The rest is brief. Iv is up at 4.45am to climb, by headlamp, out of the canyon, before the sun is up. Kate has wisely opted to ride a mule rather than walk, an option which has the added bonus of an extra hour in bed. The climb for the boys is hard work - heads down, little talking, lungs exploding. An hour or so in and the sun begins to rise, throwing long shadows over the rugged peaks, and we reach the top within two and a quarter hours. The ladies arrive about half an hour later. It's amazing how sure-footed the mules have been on the narrow, steep paths. It's pretty alarming when they insist on taking the very outside edge of the hairpin bends, leaving their riders leaning over 100 metre drops without reigns to clutch before stepping back inside the turn and continuing the climb. One of the ladies suffers from vertigo, so Carlitos has gallantly walked/jogged alongside the mules to provide extra reassurance. The poor guy can hardly breathe by the time they reach the top - the mules have lived up to their stubborn billing by refusing to stop all the way up.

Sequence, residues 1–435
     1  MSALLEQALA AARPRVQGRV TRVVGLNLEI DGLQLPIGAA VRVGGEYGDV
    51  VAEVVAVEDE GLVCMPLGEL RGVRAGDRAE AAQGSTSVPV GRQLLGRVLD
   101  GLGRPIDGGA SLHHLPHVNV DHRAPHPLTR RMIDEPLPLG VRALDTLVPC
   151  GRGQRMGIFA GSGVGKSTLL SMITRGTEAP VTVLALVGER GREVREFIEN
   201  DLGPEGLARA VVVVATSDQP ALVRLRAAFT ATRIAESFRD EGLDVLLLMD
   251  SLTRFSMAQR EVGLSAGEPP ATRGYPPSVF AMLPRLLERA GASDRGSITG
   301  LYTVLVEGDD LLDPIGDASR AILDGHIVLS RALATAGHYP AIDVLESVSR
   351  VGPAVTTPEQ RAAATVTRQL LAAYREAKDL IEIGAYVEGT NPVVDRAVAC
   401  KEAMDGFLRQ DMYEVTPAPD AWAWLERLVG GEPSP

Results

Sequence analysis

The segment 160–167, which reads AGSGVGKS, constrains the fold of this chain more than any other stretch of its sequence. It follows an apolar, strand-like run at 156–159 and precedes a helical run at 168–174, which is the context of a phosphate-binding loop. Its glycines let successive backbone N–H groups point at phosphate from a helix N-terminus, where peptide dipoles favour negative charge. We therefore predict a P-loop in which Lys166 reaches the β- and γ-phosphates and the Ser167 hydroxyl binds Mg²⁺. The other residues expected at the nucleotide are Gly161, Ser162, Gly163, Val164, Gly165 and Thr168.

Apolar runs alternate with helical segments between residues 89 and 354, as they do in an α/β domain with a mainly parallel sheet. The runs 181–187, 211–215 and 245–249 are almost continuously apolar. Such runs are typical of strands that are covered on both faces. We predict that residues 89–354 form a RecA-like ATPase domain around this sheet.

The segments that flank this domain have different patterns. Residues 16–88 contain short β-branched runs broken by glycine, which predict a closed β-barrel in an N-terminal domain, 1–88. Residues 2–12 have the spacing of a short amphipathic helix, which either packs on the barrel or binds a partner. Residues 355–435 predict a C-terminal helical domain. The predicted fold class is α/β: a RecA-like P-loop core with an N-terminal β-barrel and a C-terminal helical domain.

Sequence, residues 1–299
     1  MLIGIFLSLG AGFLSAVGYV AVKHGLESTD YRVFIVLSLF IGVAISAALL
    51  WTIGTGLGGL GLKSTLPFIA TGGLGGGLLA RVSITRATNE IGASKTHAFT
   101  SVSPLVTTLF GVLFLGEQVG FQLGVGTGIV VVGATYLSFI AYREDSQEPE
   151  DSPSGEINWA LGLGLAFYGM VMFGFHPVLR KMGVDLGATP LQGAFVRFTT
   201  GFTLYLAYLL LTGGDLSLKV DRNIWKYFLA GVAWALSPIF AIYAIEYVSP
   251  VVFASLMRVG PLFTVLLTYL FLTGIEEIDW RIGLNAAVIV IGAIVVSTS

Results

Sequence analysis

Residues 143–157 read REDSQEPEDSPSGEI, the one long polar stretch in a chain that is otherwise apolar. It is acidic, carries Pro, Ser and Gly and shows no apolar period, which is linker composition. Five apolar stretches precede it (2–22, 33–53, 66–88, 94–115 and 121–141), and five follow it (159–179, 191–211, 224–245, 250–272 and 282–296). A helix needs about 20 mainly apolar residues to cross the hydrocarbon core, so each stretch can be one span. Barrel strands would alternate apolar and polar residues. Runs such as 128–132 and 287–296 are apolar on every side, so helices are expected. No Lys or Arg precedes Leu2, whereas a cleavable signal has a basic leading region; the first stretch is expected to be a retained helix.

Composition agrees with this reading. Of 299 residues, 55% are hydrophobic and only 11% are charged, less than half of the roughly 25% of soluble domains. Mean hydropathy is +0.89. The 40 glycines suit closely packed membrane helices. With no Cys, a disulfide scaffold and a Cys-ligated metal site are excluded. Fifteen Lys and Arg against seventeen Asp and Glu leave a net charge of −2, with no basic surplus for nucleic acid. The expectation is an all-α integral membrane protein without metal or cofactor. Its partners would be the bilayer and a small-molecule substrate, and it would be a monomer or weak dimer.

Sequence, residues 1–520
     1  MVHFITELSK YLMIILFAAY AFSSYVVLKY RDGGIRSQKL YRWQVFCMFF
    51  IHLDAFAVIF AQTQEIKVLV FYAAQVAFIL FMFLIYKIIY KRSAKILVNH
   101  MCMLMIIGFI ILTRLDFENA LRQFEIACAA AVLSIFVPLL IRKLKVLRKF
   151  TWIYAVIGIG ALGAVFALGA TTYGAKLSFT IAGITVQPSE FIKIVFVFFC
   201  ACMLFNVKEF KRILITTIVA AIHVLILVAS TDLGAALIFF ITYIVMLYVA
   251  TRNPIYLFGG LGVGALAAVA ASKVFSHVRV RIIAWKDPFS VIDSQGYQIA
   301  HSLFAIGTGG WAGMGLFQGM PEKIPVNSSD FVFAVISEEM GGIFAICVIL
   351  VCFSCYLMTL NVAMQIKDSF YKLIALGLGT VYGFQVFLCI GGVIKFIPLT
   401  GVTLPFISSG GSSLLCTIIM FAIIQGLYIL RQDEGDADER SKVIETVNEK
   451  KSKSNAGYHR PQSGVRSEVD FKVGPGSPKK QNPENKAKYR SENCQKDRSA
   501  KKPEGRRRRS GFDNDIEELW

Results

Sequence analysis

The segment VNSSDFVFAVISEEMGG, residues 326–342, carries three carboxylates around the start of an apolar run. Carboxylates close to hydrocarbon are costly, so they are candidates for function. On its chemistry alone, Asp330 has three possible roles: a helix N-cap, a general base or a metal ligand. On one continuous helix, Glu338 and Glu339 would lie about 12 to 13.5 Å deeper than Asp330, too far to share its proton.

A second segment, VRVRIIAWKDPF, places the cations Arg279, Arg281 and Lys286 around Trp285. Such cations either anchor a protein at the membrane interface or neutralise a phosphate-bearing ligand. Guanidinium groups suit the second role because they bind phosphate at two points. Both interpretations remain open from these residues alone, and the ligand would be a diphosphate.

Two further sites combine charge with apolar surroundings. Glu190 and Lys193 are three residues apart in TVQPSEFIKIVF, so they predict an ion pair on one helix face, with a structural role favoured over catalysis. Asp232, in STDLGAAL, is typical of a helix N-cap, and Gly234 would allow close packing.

After a satisfying rest and photos up top, we all head for brekkie (which involves a brief and rather exciting chase by a bull on the way across the fields at the top) and then get back on the bus that will take us back to Arequipa. There are random tourist stops on the way home - we enjoy resting our tired limbs in the mineral rich waters of the hot srpings, and donating a sol or two in exchange for photos taken with llamas and eagles. But we´re soon over it. We´ve loved the trek but are in desperate need of a shower and a decent bed. Get us back, get us back, get us back!